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New stories on the homepage

A couple of new stories now on our homepage. 

First, Joseph Sorrentino's photo essay on the laborers who help harvest New Mexico's green chile crop -- which amounted to about 78,000 tons worth a total of $65 million in 2012:

The people who pick it ... barely eke out a living, and some of them can’t even afford their own lodging. Sin Fronteras Organizing Project’s shelter in El Paso, Texas, opened in 1995 to house farmworkers who don’t earn enough to rent an apartment. ... The shelter can accommodate up to 125 people. A majority are men who stay there to sleep in a crowded main room; a few more are tucked in the narrow hallway outside the bathrooms. A dozen or so sleep upstairs, in a smaller room where bedding is stored on plastic shelves. A few women, generally only two or three, sleep in a tiny room off the reception area. The shelter’s accommodations are, to put it mildly, rough. There are no beds; people sleep on thin mats or blankets spread on the linoleum floor. And there is no privacy. The men’s bathroom has only one functioning urinal. The shelter is crowded, hot, and stuffy. But there aren’t many alternatives for these workers.

Read the whole thing here, and see the slide show that appears at the bottom of the story.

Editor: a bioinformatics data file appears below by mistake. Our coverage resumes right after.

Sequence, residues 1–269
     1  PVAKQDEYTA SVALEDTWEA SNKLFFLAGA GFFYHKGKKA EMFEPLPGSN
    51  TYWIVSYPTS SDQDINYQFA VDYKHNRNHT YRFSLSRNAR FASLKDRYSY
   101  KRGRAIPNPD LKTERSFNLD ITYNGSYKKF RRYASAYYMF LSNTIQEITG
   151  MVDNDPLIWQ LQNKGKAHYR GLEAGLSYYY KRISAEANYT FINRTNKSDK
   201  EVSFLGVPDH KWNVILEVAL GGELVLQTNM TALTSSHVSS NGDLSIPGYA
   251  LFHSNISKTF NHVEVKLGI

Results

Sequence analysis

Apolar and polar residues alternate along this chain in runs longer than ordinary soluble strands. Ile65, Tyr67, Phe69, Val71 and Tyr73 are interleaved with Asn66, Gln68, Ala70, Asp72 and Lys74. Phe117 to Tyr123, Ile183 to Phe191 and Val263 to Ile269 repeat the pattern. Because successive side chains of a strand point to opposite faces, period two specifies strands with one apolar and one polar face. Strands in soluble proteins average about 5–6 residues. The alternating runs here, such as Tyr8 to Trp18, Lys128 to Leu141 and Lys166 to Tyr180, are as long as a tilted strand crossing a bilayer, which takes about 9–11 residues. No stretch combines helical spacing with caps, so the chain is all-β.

Also, E. J. Dionne writes on Washington's misplaced obsession with the deficit:

Since a Republican Party driven by tea-party thinking managed to make government spending and deficits Washington’s paramount concerns, the administration has backed off aggressive efforts to use government to pump much-needed energy into an economy whose tepid growth since the 2008 implosion has left 11.3 million Americans still out of work.

By putting so much effort into negotiating a failed “grand bargain” with House Speaker John Boehner in 2011 and subsequently agreeing to the sharp, across-the-board cuts of the “sequester” to get out of a crisis, President Obama contributed to the deficit chorus. Because of the fiscal tightening, our unemployment rate is probably a point higher than it would have been otherwise. We’ve done a heck of a job on the deficit, reducing it from about 10 percent of the economy in 2009 to 4 percent now. We’ve done badly by the jobless.

Read the whole thing here.

About the Author

Dominic Preziosi is Commonweal’s digital editor.

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